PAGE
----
A polymer-based flexible tactile sensor for both normal and shear load detections and its application for robotics

Eun Soo Hwang, Jung Hoon Seo, Yong Jun Kim

Research output: Contribution to journalArticlepeer-review

166 Citations (Scopus)


This paper proposes and demonstrates a novel flexible tactile sensor for both normal and shear load detections. For the realization of the sensor, polyimide and polydimethylsiloxane are used as a substrate, which makes it flexible. Thin metal strain gauges, which are incorporated into the polymer, are used for measuring normal and shear loads. The salient feature of this tactile sensor is that it has no diaphragm-like structures. The unit tactile cell characteristics are evaluated against normal and shear loads. The fabricated tactile sensor can measure normal loads of up to 4 N, and the sensor output signals are saturated against loads of more than 4 N. Shear loads can be detected by different voltage drops in strain gauges. The device has no fragile structures; therefore, it can be used as a ground reaction force (GRF) sensor for balance control in humanoid robots. Four tactile unit sensors are assembled and placed in the four corners of the robot's sole. By increasing bump dimensions, the tactile unit sensor can measure loads of up to 2 kgf. When loads are exerted on the sole, the GRF can be measured by these four sensors. The measured forces can be used in the balance control of biped locomotion systems.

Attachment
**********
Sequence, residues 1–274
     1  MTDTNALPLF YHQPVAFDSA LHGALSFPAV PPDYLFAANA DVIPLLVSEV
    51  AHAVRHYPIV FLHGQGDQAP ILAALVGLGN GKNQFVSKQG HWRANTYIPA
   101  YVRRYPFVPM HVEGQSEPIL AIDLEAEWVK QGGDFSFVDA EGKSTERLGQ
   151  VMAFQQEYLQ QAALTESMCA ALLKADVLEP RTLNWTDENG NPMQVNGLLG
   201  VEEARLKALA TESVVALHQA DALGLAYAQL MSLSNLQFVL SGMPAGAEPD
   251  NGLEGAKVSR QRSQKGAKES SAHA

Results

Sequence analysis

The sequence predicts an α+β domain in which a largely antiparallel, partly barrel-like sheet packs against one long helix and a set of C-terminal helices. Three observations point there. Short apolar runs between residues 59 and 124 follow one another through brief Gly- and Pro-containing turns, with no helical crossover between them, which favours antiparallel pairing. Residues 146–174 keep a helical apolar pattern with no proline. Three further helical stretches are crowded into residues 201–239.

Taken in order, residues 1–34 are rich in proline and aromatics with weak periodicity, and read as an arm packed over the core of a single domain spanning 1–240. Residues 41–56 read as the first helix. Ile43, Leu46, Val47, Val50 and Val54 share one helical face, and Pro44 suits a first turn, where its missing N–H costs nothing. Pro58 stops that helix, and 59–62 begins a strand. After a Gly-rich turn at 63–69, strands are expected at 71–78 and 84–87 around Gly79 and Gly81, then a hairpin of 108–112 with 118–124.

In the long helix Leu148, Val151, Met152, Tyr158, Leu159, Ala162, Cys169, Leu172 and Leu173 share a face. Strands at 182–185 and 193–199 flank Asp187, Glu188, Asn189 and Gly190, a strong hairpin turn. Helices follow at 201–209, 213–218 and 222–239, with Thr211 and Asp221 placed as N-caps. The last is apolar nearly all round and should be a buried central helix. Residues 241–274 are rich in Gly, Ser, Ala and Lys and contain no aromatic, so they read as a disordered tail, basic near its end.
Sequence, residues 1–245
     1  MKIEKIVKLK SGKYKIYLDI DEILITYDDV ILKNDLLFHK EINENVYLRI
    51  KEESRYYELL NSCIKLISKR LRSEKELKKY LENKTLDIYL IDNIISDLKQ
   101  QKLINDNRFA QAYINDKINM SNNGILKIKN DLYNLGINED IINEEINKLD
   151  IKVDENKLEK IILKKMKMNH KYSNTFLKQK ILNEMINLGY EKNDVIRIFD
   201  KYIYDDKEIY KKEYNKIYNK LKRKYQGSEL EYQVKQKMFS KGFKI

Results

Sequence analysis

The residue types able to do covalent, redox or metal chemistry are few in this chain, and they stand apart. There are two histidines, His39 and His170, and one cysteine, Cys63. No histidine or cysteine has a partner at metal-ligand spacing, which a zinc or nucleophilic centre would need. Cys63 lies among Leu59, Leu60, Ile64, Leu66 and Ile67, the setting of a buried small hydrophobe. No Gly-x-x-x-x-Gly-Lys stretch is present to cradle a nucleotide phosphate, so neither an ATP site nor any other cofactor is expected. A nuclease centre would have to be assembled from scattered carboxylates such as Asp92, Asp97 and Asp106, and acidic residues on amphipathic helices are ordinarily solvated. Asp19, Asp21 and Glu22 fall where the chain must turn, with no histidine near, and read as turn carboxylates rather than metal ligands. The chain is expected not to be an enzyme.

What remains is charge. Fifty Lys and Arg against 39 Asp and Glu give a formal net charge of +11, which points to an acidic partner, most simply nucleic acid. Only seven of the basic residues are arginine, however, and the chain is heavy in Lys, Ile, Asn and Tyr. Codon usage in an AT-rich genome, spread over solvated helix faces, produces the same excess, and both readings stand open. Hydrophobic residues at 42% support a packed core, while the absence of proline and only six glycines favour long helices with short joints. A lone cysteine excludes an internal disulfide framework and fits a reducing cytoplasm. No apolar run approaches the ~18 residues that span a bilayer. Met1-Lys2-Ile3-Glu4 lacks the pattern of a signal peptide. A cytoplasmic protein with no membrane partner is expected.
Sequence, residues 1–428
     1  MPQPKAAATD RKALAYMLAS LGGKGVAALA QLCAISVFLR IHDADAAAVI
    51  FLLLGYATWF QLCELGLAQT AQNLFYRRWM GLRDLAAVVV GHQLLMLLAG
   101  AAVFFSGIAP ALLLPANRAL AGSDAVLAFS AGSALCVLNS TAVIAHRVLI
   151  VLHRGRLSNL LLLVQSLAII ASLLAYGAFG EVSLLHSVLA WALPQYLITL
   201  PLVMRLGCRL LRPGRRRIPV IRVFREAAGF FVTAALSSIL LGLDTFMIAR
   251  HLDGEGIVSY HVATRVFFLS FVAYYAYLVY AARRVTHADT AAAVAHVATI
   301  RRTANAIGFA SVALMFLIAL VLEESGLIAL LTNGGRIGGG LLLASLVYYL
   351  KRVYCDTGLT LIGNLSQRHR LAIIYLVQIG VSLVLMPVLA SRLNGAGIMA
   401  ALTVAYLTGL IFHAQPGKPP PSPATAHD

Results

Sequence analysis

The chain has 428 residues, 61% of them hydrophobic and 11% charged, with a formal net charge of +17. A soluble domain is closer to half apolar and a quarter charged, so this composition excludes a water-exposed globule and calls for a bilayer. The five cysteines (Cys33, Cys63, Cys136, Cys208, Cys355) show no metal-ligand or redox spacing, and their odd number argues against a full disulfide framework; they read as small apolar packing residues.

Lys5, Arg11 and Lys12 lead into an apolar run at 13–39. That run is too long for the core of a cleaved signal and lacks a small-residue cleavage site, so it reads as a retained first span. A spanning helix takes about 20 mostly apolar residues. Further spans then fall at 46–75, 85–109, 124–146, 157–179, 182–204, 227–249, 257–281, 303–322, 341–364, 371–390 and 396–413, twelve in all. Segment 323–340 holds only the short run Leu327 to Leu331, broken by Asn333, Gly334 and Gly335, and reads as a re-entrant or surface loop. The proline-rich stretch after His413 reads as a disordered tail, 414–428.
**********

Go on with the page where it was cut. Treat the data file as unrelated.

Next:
Original languageEnglish
Pages (from-to)556-563
Number of pages8
JournalJournal of Microelectromechanical Systems
Issue number3
Publication statusPublished - 2007 Jun

Bibliographical note

Funding Information:
Manuscript received June 15, 2006; revised February 11, 2007. This work was supported in part by the Ministry of Information and Communication, Korea, under the Information Technology Research Center support program that is supervised by the Institute of Information Technology Assessment (IITA) under Grant IITA-2005-C1090-0502-0012, and in part by the Korea Science and Engineering Foundation through the National Core Research Center for Nanomedical Technology under Grant R15-2004-024-00000-0. Subject Editor C. Liu.

All Science Journal Classification (ASJC) codes

  • Mechanical Engineering
  • Electrical and Electronic Engineering


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